During my annual purge of our filing cabinet, I was thrilled to find an envelope of receipts labeled "Whole30." Last January, I — along with five other Kitchn editors — gave this popular diet a try. At the time, the cost of buying "Whole30-compliant" food flabbergasted me and left me with lots of big feelings about my own grocery habits. A year later, and with a 2018 New Year's goal to master my grocery budget, looking through those year-old receipts taught me a lot about food spending, the cost of healthy-ish eating, and how I can improve my non-Whole30 budget moving forward.
First, What Is Whole30?
Whole30 is a 30-day elimination diet that focus on proteins and vegetables, while cutting out dairy, legumes, grains, and sweeteners. A Whole30 plan skips snacks and smoothies, encouraging three robust meals every day. Food isn't labeled as good or bad, but rather compliant or non-compliant.
I set out to try Whole30 (as an editor, hoping to find ways to help our readers who might be trying this diet out). The rest of my family did not. I'm a diligent meal planner, which helped cut down on the number of double dinners each week, but at times I was absolutely cooking two breakfasts, lunches, and dinners to feed myself Whole30 and my kids conventional meals.
What Whole30 Taught Me About My Grocery Budget
1. Whole foods aren't always more expensive.
I definitely spent more money while doing Whole30, but the budget busters weren't what you'd expect. In fact, it was pretty easy to use Costco to stock up on organic proteins (eggs, chicken, grass-fed ground beef) and my regular grocery store for produce. Dollar for dollar, I easily spent as much on whole foods for myself as I did on processed foods for the rest of my family.
Try this: Whether your goal is more grass-fed beef or just a lower meat budget, it definitely pays to buy meat in bulk. Costco is a great option, if you have one nearby. ButcherBox or a local meat share are both other affordable options.
2. Healthy fats are more expensive, though.
Avocado oil, coconut oil, and ghee are three of the compliant fats that nearly broke my budget in the beginning of the month. (That and the weekly avocados and compliant smoked salmon.) Whole30 encourages you to ditch conventional fats in favor of healthier ones, and these fats really do help you stay full during the program.
Try this: Luckily I've mastered making ghee at home and can easily cut that cost down, as I keep it a part of my daily diet now. As for the other oils, skip these at your smaller grocer chain and look for them at Costco or online at Thrive Market or Amazon for better cost savings.
3. Snacks are a budget killer.
This is probably the biggest, lasting takeaway from my Whole30 experience. While I was skipping snacks throughout the program, the rest of my family was happily munching on cheese crackers, potato chips, and fruit bars totaling more than $30 (!!!) each week.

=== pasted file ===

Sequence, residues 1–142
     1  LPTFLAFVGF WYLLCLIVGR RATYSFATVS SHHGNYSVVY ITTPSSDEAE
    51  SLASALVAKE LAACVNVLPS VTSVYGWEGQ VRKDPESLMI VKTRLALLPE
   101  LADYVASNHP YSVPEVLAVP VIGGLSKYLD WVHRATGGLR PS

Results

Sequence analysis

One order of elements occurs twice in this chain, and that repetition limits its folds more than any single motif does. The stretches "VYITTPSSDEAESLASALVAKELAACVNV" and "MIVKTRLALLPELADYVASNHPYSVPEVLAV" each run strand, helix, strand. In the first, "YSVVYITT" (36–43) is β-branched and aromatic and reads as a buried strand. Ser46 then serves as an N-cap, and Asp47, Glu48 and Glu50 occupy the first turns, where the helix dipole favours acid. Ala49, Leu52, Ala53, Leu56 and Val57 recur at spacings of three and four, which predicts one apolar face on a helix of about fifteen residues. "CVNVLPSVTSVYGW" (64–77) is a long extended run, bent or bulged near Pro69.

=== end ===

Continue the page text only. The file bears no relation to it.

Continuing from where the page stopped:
Try this: Post-Whole30 I've limited everyday snacks to just pretzels, popcorn (whole kernels, not bags), and either graham or animal crackers, along with fresh fruit and vegetables that do double duty as snacks and meal ingredients. This cuts down our mindless snacking a ton! The occasional bag of potato chips or homemade cheese crackers feels like a treat that is relished. And the saved $20 to $30 goes into our dining-out budget instead.
4. Cooking two meals really does double your budget.
One of my personal parenting tenants is to cook one meal for everyone — I don't push cabbage stew on my kiddos, but I also expect them to try everything we serve. However, during the Whole30 I found myself cooking a main meal for everyone and either supplementing my own dinner with a salad or by cooking pasta (or rice, or biscuits) to fill out everyone else's plates. Not only did it give me cooking fatigue in the end, but that single act also really inflated our grocery budget.
Try this: Whole30 is really great time to experiment with new foods and encourage your kids to do the same. I thought my kids would only eat ghee-roasted sweet potatoes with pasta underneath, but that wasn't always the case. If you want to slim your grocery budget, make sure every diner is on the same page and eating similar dinners.
5. You can save money by switching up your shopping routine.
My love of Publix is no secret and, before Whole30, it was easy to sink into my regular Saturday shopping routine and buy all my groceries there at once. Having to shop for new items at other grocery stores and online opened my eyes to a total new shopping routine. Admittedly I haven't perfected this yet, but buying meat in bulk (we just bought our first local beef share!) and shopping at Costco for staples once a month has lowered my overall grocery budget each month.
Try this: If you can make a list of ingredients you buy two or more times a month, you can probably find a way to buy these in bulk and save. Ordering staples from companies like Thrive Market, Brandless, and Amazon isn't quite as weird as it sounds and adds significant savings.
Have you done Whole30? Did it teach you anything about your usual grocery spending?